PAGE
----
DRAFT day shocks are ironically commonplace nowadays, and you can add Ellie Gavalas‘ rise to become a top 10 selection to the list.
The 23-year-old had her name called by North Melbourne in the first round of Tuesday’s draft having only taken up the Aussie rules code two years ago. Speaking minutes after the fact, Gavalas was still stuck in the “whirlwind” of her shock early selection with little inkling of it happening beforehand.
“Whirlwind’s a pretty good word,” she said. “I’m feeling pretty excited and shocked at the moment… it’s been a massive year and to top it off to become a Kangaroo is pretty exciting.”
“We’d had a couple of interviews, well one interview but I’d seen (North Melbourne AFLW list manager Rhys Harwood) a couple of times. “But no, I wasn’t expecting anything. I was hoping but not expecting anything so I’m pretty shocked.”
The new Roo’s history in sport runs deep, having moved on from a promising soccer career to pursue a different footballing code. Gavalas grew up in Tasmania but also had family in Melbourne, with her move to the mainland originally inspired by that round-ball potential. Her first meaningful experience with the oblong ball came as she joined the Marcellin Old Collegians in Melbourne’s north-east, sparking a rapid rise to the elite level.
“Coming from just playing footy for two years… mainly this year and last year at Marcellin,” Gavalas said. “It has been a massive whirlwind and I’m pretty excited.”
After her initial experience at Marcellin, Gavalas became a wildcard entrant to Western Bulldogs’ VFLW squad in 2019, making her debut in Round 2 and never looking back to average 16.4 disposals and 4.1 tackles across 16 games – becoming a lock in the grand finalists’ starting 23.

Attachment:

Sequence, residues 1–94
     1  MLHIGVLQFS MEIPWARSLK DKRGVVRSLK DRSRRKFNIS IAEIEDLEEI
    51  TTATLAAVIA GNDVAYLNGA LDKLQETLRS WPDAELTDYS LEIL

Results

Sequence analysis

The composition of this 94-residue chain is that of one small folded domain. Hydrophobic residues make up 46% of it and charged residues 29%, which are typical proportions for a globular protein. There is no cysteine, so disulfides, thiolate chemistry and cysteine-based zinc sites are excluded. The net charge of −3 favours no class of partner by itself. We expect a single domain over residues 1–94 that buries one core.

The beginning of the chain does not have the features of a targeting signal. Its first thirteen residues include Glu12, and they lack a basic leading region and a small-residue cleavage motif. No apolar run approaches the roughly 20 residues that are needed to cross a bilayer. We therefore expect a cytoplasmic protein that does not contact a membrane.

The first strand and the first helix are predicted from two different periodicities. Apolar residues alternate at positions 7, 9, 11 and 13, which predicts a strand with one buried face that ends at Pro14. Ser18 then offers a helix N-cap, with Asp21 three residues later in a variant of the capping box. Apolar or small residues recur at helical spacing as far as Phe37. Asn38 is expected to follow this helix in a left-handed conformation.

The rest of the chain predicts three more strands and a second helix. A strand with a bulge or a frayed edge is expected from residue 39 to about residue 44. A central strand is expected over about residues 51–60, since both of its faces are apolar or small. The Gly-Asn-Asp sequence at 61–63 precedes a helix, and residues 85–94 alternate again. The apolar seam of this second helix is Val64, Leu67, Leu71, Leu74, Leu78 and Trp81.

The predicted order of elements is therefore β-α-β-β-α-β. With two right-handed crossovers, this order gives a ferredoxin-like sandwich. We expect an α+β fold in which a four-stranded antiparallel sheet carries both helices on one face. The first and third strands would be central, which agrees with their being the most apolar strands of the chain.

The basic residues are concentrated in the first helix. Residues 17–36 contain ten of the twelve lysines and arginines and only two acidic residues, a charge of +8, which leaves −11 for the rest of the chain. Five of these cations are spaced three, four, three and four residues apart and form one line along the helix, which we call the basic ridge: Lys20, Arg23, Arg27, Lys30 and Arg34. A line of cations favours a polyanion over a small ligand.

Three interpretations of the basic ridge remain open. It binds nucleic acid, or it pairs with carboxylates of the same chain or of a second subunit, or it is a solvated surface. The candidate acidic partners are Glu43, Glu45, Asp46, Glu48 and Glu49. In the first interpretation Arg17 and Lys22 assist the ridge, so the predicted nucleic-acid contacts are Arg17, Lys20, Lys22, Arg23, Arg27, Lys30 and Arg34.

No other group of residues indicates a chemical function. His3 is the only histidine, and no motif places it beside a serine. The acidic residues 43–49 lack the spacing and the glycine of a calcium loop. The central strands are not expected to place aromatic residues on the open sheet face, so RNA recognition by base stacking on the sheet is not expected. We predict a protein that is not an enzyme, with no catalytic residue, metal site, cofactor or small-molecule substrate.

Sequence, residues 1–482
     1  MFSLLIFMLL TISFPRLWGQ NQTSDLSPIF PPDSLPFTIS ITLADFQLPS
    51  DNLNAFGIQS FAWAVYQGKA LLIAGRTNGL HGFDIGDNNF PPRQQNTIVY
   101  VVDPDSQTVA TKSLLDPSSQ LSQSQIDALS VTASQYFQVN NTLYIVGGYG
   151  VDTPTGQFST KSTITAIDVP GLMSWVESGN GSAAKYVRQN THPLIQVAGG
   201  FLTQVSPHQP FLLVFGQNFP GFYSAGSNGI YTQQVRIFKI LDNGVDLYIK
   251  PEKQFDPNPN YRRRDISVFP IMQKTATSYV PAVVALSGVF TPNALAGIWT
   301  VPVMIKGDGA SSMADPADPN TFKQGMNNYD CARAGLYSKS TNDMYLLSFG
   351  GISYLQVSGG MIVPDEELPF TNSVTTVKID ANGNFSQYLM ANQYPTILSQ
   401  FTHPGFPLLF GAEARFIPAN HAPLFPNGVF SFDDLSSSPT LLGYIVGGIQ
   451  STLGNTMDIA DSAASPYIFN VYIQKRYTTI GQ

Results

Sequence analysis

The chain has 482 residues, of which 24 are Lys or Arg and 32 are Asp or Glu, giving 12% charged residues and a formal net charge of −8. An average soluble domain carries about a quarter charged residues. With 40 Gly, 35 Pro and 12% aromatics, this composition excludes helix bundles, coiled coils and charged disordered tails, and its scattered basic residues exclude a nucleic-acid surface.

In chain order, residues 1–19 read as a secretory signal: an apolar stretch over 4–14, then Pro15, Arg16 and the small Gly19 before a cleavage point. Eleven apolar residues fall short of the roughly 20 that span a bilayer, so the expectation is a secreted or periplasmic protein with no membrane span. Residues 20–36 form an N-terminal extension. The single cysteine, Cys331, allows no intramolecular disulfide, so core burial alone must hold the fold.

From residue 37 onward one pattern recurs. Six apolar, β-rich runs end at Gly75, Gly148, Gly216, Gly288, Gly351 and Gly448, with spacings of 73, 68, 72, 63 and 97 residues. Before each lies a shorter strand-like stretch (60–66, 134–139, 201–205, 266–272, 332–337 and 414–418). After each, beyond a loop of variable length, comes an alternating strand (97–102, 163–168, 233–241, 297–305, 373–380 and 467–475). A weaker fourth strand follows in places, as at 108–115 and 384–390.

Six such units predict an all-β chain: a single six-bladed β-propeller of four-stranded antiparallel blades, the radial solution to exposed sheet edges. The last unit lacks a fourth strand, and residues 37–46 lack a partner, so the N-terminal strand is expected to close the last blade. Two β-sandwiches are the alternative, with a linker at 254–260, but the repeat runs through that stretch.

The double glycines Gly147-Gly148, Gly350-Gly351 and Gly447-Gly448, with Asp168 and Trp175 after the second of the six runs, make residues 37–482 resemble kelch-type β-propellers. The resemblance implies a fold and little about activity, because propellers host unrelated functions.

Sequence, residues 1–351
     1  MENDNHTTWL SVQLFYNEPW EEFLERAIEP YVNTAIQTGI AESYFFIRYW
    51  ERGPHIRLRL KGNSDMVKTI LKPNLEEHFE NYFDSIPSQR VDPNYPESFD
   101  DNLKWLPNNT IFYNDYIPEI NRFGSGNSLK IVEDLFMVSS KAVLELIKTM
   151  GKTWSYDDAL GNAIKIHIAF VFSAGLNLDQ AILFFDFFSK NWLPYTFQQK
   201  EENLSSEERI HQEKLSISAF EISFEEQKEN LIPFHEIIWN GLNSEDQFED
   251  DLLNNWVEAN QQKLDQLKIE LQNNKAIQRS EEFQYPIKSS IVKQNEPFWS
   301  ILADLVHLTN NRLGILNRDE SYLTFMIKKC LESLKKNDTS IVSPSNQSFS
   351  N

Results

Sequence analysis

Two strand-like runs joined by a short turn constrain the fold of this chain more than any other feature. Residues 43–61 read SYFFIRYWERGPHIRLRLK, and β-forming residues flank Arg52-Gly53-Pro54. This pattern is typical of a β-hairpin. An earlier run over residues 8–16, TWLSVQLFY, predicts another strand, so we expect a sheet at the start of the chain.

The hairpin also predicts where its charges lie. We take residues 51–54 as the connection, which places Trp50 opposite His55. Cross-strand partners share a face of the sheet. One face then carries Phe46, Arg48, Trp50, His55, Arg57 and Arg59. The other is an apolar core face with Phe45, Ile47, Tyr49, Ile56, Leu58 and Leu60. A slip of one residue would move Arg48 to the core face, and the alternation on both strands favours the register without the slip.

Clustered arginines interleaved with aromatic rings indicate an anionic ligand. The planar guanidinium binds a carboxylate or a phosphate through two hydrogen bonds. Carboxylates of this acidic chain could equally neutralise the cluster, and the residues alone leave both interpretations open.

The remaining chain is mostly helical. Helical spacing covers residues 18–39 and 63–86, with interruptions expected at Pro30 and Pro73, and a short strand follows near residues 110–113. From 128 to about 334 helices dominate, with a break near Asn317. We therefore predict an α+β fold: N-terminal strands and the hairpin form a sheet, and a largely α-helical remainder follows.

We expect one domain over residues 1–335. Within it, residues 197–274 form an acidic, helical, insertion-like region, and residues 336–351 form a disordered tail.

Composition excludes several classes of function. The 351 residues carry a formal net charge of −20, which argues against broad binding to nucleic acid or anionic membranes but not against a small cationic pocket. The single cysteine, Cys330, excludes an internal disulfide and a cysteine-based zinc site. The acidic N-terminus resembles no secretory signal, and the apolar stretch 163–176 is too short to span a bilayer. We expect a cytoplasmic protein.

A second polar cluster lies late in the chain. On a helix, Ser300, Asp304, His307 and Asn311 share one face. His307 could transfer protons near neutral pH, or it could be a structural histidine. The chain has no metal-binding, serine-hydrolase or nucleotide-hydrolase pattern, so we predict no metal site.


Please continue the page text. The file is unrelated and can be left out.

Her move from the Bulldogs into the Kangaroos’ system is akin to that of AFLW superstar Emma Kearney – minus the fanfare – who will undoubtedly form a hardened midfield partnership with Gavalas.
“Absolutely I’m looking forward to playing alongside (Kearney),” she said. “To be playing with someone like Emma is awesome so I’m super excited to get started.”
The switch also marks somewhat of a homecoming for the Apple Isle product, who joins Launceston exports Mia King and Abbey Green at the Tasmanian Roos. The Roos’ home games across Bass Strait and academy connection to the region also bring Gavalas full-circle, and even the best script writers would struggle to match the sentimentality of that journey.
With only her everyday job as a physiotherapist to compete with celebrations and her emerging career, the mature-ager is sure to make an immediate impact among the raft of slightly younger draftees who shared the same honour on Tuesday.